For the non Brits, Eric Morecambe and his partner, Ernie Wise (best known as Eric and Ernie) were the most popular entertainers of their time and regularly top polls to this day. Their trademark end of show “dance” was to turn to the back of the stage and skip off, as captured perfectly by the statue.

It was great to see people keeping that “sign off” alive by being photographed doing it alongside the statue, as in the bottom photo. Eric would have loved that.

One of Eric’s other famous mannerisms was to wiggle his glasses up and down when saying something mildly suggestive to Ernie and with my selfie, I tried to recreate that but having to hold the phone didn’t help and anyway, it was a motion and not really capable of being replicated in a still photo.

Another half mile or so along the promenade, a 250m jetty jut out into the bay.

Stone Jetty was built in 1853 to serve as a railway terminus for Irish and Scottish ferries. In 1990, with its original function no longer needed,  it was updated and now seamlessly leads off from the promenade and the station near the end is now a lovely cafe.




Back on the main promenade, I kept going although I was a bit worried that I’d have the 3.3 miles to walk back to the car at a time when my legs would be aching.

I finally got to the end, literally a dead end, at the ferry town of Heysham and climbed up some steps to explore the town. It didn’t take long as there isn’t much to the town, indeed village, but what there was, was quite interesting with many pretty houses, pubs and cafes.


A local suggested I visit St. Peter’s Church and beyond that the ruins of St. Patrick’s Chapel and its stone coffins.

I was intrigued.

First up, St. Peter’s Church and what a lovely location for a church and its associated graveyard, overlooking the bay. Even with the tide being well out, it was still a great view.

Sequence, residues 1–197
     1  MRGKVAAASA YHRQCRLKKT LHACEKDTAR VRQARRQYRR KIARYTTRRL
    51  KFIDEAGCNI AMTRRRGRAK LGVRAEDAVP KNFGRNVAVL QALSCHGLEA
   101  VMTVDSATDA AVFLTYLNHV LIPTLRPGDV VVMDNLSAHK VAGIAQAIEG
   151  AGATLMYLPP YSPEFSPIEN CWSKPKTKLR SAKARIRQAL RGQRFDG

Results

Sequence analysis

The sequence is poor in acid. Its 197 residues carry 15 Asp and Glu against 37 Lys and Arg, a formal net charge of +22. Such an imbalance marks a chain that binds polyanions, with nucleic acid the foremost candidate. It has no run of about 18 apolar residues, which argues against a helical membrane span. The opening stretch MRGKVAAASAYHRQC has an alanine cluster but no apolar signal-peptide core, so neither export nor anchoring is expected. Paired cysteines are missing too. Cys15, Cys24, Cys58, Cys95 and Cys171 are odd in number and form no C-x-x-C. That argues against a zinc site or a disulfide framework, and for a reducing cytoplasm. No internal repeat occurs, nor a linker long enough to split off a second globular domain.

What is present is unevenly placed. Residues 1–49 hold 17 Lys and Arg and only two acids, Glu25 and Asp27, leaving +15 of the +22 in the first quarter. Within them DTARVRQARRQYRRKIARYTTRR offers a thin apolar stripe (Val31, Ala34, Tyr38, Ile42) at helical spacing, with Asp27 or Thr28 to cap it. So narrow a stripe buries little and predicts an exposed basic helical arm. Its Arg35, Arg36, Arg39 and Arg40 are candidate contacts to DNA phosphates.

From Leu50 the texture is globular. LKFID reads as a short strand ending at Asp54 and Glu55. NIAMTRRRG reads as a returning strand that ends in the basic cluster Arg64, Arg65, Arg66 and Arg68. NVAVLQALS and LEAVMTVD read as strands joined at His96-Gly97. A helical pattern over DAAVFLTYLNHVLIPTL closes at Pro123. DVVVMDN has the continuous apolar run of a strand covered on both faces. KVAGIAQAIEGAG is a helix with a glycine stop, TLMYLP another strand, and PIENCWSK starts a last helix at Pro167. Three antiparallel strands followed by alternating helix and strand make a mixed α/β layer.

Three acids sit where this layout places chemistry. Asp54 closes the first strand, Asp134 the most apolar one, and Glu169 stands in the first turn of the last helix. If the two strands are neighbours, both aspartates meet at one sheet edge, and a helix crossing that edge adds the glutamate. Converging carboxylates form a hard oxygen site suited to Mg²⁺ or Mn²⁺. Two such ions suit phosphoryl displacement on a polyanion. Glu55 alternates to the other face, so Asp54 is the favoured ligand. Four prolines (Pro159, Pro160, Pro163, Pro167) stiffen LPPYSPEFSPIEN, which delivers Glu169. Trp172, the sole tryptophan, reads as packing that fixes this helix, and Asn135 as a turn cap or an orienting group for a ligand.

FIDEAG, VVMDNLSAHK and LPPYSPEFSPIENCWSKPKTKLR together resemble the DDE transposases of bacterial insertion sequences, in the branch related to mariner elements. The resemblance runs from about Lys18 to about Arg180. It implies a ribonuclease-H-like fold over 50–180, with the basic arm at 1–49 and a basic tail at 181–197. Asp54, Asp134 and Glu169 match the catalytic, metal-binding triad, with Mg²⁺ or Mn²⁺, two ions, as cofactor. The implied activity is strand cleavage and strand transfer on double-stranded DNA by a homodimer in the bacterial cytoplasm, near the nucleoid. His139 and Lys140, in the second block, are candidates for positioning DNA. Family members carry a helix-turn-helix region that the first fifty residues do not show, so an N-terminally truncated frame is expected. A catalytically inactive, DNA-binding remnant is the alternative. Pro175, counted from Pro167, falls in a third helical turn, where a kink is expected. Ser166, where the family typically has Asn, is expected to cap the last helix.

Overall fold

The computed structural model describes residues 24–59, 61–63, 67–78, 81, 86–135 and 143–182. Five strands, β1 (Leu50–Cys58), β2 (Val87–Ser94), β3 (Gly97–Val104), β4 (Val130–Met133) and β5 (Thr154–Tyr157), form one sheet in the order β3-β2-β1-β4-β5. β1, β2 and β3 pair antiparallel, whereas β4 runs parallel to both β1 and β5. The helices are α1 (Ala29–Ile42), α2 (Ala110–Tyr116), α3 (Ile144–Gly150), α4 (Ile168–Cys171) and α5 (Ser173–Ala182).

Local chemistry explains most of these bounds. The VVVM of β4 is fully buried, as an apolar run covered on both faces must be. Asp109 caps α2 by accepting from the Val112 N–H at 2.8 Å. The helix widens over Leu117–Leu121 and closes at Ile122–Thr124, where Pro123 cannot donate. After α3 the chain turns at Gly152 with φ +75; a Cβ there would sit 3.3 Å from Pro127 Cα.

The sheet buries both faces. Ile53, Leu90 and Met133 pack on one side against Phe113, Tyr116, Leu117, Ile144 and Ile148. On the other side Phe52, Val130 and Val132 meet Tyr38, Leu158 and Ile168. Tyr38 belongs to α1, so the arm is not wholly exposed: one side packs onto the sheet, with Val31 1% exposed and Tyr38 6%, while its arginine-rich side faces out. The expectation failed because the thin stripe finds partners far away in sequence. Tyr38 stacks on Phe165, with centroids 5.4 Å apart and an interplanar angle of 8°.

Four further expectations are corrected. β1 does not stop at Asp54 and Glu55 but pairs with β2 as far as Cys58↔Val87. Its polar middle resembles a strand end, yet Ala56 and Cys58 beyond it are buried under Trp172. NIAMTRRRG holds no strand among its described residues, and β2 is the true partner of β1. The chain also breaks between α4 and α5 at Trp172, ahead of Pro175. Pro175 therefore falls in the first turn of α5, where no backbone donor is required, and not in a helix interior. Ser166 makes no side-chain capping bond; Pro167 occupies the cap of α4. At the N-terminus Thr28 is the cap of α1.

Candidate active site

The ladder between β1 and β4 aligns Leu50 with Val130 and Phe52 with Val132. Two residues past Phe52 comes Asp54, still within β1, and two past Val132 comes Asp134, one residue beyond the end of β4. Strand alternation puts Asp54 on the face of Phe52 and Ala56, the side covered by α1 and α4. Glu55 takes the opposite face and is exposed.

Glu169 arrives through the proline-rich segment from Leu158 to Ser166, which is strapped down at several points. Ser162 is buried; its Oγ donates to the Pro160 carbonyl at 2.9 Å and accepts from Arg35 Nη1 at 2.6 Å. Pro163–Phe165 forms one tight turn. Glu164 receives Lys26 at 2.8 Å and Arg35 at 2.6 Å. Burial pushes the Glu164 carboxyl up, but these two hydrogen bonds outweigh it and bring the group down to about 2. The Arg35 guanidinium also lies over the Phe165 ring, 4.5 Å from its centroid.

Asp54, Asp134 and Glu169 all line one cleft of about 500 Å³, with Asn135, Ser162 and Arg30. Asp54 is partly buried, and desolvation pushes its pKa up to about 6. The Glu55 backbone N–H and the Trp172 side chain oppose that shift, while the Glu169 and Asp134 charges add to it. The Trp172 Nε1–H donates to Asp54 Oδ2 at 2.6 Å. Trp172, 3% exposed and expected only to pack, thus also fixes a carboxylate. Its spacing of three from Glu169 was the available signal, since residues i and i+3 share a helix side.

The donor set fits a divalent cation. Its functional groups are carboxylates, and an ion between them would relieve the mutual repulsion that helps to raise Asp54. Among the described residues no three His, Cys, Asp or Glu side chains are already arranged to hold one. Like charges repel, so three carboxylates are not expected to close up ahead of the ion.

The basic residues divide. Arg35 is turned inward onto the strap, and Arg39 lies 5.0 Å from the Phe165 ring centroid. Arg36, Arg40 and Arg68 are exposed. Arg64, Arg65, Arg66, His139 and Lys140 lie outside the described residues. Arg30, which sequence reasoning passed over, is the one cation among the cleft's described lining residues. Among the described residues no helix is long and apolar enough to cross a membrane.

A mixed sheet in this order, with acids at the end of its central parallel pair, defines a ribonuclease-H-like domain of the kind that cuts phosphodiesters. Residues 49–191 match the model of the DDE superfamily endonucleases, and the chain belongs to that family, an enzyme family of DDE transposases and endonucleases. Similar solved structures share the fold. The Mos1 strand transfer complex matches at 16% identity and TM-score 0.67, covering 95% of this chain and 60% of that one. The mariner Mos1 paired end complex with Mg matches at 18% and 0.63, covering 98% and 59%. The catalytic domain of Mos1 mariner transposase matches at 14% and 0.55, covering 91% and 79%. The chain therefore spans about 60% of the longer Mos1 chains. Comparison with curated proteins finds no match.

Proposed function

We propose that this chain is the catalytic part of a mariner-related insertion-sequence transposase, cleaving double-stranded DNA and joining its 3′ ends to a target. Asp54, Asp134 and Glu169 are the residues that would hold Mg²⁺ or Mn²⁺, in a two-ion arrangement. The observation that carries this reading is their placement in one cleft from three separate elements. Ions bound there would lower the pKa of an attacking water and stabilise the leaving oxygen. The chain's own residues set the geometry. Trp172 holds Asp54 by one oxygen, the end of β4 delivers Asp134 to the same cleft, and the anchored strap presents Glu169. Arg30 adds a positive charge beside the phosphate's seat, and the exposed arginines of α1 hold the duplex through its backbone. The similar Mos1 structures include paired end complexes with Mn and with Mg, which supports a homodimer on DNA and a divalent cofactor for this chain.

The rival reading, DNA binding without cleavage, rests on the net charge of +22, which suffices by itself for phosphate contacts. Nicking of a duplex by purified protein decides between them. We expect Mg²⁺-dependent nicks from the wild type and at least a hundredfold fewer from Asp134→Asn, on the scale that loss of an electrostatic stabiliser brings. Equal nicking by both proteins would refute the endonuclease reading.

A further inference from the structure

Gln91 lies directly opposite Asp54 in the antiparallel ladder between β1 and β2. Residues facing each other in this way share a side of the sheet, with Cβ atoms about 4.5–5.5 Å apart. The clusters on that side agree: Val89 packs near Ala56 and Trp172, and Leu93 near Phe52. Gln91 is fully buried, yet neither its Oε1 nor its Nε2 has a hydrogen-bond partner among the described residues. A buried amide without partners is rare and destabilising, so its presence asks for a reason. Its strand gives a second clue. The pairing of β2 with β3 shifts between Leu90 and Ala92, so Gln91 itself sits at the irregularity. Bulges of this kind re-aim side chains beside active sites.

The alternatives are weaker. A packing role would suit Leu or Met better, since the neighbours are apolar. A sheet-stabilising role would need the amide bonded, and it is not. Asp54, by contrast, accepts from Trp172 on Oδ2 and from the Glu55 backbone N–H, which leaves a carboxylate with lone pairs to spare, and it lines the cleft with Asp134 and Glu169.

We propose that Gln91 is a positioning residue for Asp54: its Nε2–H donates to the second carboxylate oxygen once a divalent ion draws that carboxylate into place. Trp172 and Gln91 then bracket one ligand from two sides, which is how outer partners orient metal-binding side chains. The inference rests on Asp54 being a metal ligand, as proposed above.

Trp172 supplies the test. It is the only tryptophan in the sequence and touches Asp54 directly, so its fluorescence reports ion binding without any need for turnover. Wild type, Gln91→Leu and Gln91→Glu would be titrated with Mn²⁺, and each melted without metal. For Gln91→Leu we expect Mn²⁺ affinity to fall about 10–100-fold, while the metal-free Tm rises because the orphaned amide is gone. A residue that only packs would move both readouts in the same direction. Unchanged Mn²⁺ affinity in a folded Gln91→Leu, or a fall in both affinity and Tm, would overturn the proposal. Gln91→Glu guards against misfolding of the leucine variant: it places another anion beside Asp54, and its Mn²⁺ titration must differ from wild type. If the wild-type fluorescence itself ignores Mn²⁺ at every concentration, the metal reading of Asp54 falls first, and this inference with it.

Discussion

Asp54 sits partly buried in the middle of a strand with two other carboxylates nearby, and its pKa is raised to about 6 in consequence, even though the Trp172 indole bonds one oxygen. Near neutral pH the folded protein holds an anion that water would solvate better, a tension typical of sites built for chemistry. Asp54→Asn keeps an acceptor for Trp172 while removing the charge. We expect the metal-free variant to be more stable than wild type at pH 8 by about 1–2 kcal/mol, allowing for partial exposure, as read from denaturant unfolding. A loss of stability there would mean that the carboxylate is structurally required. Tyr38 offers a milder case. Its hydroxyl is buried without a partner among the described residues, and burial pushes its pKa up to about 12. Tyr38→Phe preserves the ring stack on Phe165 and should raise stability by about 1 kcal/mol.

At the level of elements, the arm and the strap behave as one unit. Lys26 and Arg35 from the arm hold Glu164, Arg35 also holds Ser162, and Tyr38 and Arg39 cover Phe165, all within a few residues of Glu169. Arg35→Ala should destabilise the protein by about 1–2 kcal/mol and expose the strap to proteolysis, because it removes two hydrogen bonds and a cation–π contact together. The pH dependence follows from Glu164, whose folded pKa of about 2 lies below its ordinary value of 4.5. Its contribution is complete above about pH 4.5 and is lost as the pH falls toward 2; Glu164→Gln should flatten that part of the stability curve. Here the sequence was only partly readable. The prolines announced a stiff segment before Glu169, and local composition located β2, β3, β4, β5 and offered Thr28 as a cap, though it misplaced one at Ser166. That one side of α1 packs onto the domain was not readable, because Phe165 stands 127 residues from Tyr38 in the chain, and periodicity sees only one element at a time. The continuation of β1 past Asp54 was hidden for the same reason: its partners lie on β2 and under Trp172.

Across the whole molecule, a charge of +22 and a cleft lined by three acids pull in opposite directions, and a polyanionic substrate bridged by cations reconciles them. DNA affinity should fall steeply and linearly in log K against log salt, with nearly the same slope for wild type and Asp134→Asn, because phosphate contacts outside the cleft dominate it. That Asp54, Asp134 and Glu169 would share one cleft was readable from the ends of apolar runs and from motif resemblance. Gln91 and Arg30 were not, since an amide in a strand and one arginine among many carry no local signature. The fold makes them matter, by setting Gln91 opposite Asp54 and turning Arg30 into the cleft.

There was a church on the site in the 7th or 8th century and then a Saxon church was built in 1080. Parts of this church still exist in the current Anglican version and the dates on many of the grave’s headstones bear testimony to this history.



On up the hill lay the ruins of St. Patrick’s Chapel, now maintained by the National Trust. There isn’t much left of the chapel but nearby were the  11th century stone coffins which were truly underwhelming.



Those of us who were there discussed how it was very unlikely that any bodies could’ve fitted into the narrow stone graves (when they still had their stone lids fitted, I guess the name stone coffins applied more than now) but then someone found an info panel that explained that it’s thought that the graves held “disarticulated bones” rather than complete skeletons, possibly of saints and other important Christians, perhaps even those of St. Patrick himself. The chapel would therefore have been a place of pilgrimage.

Just a few metres on up the hill I came upon a bizarre landscape as shown in these photos………..




From a distance I just thought it was a small camp site but as I got closer I noticed that the people weren’t campers but visitors like myself and the tents weren’t tents at all.

The three 4 sided reflective structures were supplemented by several cut out figures, also reflective but it was all a mystery as to what they represented and why were they there.

So as my blog is nothing if not informative, I’ve just contacted the National Trust (who own the land) and spoken with a lovely young man from N. Ireland who told me all about it.

It seems it’s a temporary display (for 9 days ending this Sunday) by the artist Rob Mulholland and put on by the Morecambe Bay Partnership. It’s supposed to represent an Anglo Saxon settlement in a modern way but it all appeared to be a bit hippy dippy to me.   As the web site says……

Inspired by early Anglo-Saxon designs, three mirrored dwellings aim to encourage viewers to consider the influence of people of the past on Morecambe Bay. Six mirrored human-shaped figures complete the idea of the structures and sites as places as human settlement, reminding the viewer of the people working the land and the sea in centuries gone by. By using mirrored surfaces Mulholland brings literal reflection into being, making the viewer and a distorted landscape and sky integral parts of the work. By catching glimpses of themselves, viewers see an image not only in the present, but a hint of those who may have walked in the same landscape in the past.